GOSS v. LOPEZ, Supreme Court of the United States, 1975. 419 U.S. 565, 95 S.Ct. 729, 42, L.Ed.2d 725 deals with students that were suspended. The Columbus Ohio Public School System (CPSS) was sued by students. Nine students claimed that they were suspended without being given a hearing before their suspension, or even after their suspensions were over.
Patrick McAndrew Mrs.Scruggs English III 10-May-2016 Today many people around the world and even in the US are scared about the next shooting and where it will take place. Many states don 't allow concealed carry on school grounds because they believe that the students are not ready for a responsibility like carrying a gun. Eight states in the US allow concealed carry on campus because the state has voted on it and passed it through government. Other states such as Georgia have discussed the topic on concealed carry but very very will vote for it because they feel students and faculty are not ready for such a big responsibility.
In the 1980’s and through the 1990’s crime rates were beginning to rise and schools began to crack down on violence, disorder, and weapons in the classroom. There was a term used to justify the punishments given to children who were misbehaving, Zero Tolerance, the official definition being the refusal to accept undesirable misbehavior, typically by strict and uncompromising application of the law. Retro Report is a website that publishes documentaries on major new events and shares them to a digital audience. On October 2nd, 2016 they released a video describing the Zero Tolerance policy in depth and depicting the impact it had on schools where the policy was enforced. There were witnesses to the effect of Zero Tolerance speaking in the video, speaking against the policy and how it had an overall negative outcome. Muckraking does still exist in film as demonstrated by Retro Report’s documentary, Unraveling Zero Tolerance, a video that examined the effect of the zero tolerance policy on students in school.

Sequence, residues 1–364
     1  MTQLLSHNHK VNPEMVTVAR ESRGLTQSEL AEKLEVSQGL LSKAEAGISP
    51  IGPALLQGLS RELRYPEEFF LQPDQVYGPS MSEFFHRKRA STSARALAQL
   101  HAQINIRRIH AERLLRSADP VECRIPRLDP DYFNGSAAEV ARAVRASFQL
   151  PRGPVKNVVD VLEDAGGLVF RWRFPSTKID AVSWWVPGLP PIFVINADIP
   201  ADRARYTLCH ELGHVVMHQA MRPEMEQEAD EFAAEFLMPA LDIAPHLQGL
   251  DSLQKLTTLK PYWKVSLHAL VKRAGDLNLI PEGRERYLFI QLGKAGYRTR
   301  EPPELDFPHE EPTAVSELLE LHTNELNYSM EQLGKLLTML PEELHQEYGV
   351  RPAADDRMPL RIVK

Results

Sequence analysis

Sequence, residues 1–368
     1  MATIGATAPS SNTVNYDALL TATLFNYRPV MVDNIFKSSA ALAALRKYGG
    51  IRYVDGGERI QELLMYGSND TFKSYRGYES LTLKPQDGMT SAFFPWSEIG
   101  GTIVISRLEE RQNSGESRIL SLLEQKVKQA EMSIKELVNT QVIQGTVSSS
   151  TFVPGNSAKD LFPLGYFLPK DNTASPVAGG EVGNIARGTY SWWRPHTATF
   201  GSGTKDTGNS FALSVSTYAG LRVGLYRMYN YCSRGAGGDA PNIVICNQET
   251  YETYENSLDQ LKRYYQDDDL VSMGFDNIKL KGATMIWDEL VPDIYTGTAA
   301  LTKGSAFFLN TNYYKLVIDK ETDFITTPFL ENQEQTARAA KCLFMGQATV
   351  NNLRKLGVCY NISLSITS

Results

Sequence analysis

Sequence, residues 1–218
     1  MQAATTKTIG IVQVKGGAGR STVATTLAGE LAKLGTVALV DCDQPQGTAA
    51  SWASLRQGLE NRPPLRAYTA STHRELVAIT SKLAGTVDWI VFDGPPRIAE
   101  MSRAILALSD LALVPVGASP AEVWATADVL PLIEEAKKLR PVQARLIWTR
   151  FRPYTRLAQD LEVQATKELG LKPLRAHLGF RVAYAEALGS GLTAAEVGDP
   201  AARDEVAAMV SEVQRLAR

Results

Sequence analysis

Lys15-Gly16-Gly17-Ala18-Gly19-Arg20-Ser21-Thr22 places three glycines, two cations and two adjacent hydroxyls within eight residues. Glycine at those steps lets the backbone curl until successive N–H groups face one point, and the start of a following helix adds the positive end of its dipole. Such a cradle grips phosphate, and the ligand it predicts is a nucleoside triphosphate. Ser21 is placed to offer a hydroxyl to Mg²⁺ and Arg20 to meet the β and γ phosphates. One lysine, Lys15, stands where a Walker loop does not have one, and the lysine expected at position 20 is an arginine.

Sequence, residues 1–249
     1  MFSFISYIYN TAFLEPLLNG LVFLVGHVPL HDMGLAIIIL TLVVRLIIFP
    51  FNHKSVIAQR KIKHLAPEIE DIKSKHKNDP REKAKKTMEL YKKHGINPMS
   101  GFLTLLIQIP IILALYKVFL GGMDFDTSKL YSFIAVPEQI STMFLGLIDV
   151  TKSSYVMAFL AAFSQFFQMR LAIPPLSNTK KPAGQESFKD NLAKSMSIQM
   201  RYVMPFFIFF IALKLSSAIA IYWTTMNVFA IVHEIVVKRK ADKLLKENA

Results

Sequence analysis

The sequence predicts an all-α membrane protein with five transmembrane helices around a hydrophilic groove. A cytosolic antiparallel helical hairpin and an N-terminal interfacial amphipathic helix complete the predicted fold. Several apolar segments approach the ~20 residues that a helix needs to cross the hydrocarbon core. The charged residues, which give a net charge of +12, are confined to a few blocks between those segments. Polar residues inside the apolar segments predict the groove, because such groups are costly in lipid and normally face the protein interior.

Throughout this essay I will be explaining how a behaviour policy supports teachers and how it can also create an effective learning environment. I will also be highlighting any issues which could potentially arise from the use of a behaviour policy. A behaviour policy is guidance for members of staff within a school on how to deal with different behaviours, and sets out the expectations of behaviour for all children at the school. If a behaviour policy is written well it will support the formation of an effective learning environment. An effective learning environment for young children is an environment in which all children feel able to express themselves freely, allowing them to learn effectively.
Another case where a student was wrongfully punished was in T.V. v. Smith-Green Community School Corporation case, where two girls posted brazen
This isn 't the first time that "bureaucratic determinism," where administrators declare themselves powerless to exert discretion and end up punishing students for infractions that even they agree didn 't contain any elements of threat or aggression, has triggered calls for a more lenient approach. Public outrage and media exposure have succeeded in reversing sanctions in cases such as suspensions when a student makes a "finger gun" (some schools interpret any such displays as threats). It 's an uphill battle, though, and the stone rolls down as soon as it reaches the top. A 13-year-old girl received a three-day suspension from a Texas middle school for a finger gun in 2010, making headlines; in December 2012, the hammer of justice came down on a 6-year-old, who received a one-day suspension from a Maryland elementary school for the same reason. That incident made the Washington Post, with over a thousand comments lambasting the school administrators for overreacting; nonetheless, in October of 2013, an 8-year-old was suspended for a day in Florida, also for making a finger